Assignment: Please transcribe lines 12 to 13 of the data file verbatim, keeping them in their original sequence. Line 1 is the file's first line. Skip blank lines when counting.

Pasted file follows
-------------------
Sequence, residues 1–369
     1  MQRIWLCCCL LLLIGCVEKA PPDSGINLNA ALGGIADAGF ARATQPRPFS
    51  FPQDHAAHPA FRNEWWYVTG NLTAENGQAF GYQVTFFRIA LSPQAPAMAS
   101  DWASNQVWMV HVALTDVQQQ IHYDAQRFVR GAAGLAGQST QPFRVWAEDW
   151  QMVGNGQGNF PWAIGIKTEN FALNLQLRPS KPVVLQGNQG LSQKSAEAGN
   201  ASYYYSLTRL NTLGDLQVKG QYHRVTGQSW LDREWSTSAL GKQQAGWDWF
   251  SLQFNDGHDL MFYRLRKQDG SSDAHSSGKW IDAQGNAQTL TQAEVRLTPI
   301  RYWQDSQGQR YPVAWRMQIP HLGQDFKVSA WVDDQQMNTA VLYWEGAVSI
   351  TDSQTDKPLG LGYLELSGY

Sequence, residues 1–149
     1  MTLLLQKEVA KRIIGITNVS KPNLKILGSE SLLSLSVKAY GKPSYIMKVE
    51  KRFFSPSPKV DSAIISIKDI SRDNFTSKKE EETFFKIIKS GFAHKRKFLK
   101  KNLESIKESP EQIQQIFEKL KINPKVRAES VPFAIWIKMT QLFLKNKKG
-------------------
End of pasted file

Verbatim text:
    51  KRFFSPSPKV DSAIISIKDI SRDNFTSKKE EETFFKIIKS GFAHKRKFLK
   101  KNLESIKESP EQIQQIFEKL KINPKVRAES VPFAIWIKMT QLFLKNKKG